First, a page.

Distribution and Downward Movement of Pasteuria penetrans in Field Soil


  • R. Cetintas
  • D. W. Dickson


bacterium, biological control, distribution, meloidogyne arenaria, nematode, pasteuria penetrans, peanut, movement, root-knot nematode, suppressive soil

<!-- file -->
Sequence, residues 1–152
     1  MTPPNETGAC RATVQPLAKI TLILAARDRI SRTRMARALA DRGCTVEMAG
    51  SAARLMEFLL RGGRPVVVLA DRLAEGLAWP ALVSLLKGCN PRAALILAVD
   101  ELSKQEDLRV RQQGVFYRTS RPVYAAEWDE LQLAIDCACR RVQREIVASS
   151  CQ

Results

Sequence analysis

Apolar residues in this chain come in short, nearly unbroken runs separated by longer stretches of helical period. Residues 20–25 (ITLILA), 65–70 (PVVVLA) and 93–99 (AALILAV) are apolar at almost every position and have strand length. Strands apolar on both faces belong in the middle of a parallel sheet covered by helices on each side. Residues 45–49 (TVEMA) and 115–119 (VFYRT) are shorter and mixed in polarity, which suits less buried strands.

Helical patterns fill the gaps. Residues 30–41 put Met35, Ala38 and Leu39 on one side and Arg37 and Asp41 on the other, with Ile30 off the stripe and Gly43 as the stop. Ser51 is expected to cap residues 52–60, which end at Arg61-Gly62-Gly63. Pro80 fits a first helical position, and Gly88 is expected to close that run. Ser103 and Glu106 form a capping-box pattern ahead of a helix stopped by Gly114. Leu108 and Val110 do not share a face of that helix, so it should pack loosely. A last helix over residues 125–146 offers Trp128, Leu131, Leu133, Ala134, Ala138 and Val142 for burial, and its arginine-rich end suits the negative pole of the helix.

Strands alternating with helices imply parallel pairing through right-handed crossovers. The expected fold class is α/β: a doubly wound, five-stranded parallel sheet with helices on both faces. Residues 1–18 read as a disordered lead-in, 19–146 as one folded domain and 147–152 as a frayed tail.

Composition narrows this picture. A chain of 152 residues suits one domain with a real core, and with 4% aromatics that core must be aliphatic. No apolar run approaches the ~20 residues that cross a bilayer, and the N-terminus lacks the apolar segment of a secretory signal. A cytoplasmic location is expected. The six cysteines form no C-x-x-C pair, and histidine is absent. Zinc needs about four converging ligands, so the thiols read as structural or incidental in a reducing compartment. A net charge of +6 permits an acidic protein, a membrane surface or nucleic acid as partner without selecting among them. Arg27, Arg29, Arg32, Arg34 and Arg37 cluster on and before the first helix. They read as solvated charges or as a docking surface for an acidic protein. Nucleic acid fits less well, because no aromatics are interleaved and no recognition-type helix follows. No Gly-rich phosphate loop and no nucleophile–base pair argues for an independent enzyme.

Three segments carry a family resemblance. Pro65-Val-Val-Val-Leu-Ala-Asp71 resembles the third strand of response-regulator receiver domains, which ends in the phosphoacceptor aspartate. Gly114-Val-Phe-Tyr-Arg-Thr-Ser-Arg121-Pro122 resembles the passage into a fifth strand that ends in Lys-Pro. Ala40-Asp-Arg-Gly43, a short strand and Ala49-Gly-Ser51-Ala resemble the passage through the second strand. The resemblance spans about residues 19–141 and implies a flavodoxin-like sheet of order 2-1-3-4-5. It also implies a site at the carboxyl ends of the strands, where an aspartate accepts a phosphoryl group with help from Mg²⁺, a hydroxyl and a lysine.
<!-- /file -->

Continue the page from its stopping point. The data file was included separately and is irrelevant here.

Endospores of Pasteuria penetrans were evaluated for their vertical distribution in field soil and their downward movement through soil in the laboratory. In the field trial, the number of endospores attached to second-stage juveniles (J2) of Meloidogyne arenaria race 1 varied greatly in different soil depths. There were higher percentages of J2 with endospores attached in former weed fallow plots during the first 3 years of growing peanut than in former bahiagrass and rhizomal peanut plots (P = 0.05). In weed fallow plots a higher average number of endospores per J2 were maintained in all depths, upper three depths, and upper four depths in 1999, 2000, and 2001, respectively (P = 0.05). However, in 2002, there were no differences in the percentages of J2 with endospores attached and in the average of the numbers of endospores per J2 among the treatments (P 0.05). In laboratory trials, P. penetrans endospores were observed to move throughout the soil through the percolation of water. After one application of water, some endospores were detected 25 to 37.5 cm deep. Endospores were present at the greatest depth, 37.5 to 50 cm, after the third application of water. These results indicate that rain or water applications by irrigation are likely to move endospores to deeper levels of the soil, but the majority of endospores remain in the upper 0-to-30-cm depth.